When I was much younger – say, around 8-9 years old – I used to get in trouble with my school teachers, and other adults in positions of authority, regularly. Pretty much not a day would go by without my mother receiving some troublesome news about me.
I guess, looking back, I simply had an aversion to authority.
And while that continued until my early teens, when I learned what it meant to really show respect and understand conflict with authority was primarily in my mind, I also learned something at that young age that must have made an impression (even subconsciously) from my granddad.
Wisdom Has No Age Limits
I always loved my granddad. He was the safety net I’d cling to when everyone else seemed down on me. He was the one that would let me watch TV just that little bit later. He was the one who would let me read my comic under the bed with the flashlight, when everyone else would confiscate the flashlight.
In short, he was the one that would break the rules and let me be who I wanted to be. Except, not really.
Instead of letting me be an out of control tearaway, looking back he was actually guiding me to be a better person because of the trust I had in him. When he spoke, I’d agree and nod – even if I didn’t like it. And – usually – do as he said.
Whether or not my mother was in cahoots with him in this endeavour, I’ll never know. Perhaps, perhaps not. Either way, he made me stop and think of the things my mother was trying to teach me.
So, when I was having my brush with people in authority, my granddad pulled me aside, and said the following:
You might think grown-ups are bad, and stopping you from having fun. And, sometimes, they will. But it’s only because they love you. Now – you can choose which ones to listen to. And, I know not everyone is worth listening to. So here’s a trick – listen to the people who love you, every time. Your mum. Your sister. Me. Your grandma. Listen to your friends, but only the ones who don’t make you feel bad about yourself. And listen to your teachers who make you smile when you’ve done something. These people are all just trying to help you enjoy life. And that’s something not everyone will do.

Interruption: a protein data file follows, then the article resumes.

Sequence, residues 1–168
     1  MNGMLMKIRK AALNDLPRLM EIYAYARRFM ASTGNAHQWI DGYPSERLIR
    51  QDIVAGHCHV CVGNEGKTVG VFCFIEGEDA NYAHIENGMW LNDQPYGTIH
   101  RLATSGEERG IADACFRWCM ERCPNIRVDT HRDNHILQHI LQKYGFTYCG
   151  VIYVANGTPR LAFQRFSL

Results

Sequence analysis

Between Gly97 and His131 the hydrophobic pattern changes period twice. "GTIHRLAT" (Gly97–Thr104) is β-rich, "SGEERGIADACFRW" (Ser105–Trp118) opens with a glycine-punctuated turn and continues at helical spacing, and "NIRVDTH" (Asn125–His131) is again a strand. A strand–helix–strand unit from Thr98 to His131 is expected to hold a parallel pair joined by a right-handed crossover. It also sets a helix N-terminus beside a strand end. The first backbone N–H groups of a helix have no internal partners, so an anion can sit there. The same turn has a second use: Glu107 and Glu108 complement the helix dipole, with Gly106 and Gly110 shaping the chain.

Now, I know I’ve paraphrased some of his words. After all, this was almost 40 years ago (holy crap, I’m getting old!!). But the gist of the message is definitely there.
And it’s one I use today in pretty much everything I do, and you should too. Here’s why.
Living Life The Way It’s Meant to Be Lived
In a recent edition of TIME, there was a fantastic memorial article by David Von Drehle, about a gentleman named Charlie White. David and Charlie were neighbours, and David’s piece wrote about the lessons Charlie instilled from a life well lived. Charlie was 109 when he passed last month.
The article recounts passages of time from the turn of last century, and is a fascinating and warm look into a period of time most of us will never have known. Yet it’s also a reminder of how to live a life well lived.
Charlie’s “secret” to a happy life was the realization that you have to separate the things you can’t control from the things you can. This was a lesson he imparted to one of his daughters when she was having issues with someone that was frustrating her. Charlie’s advice?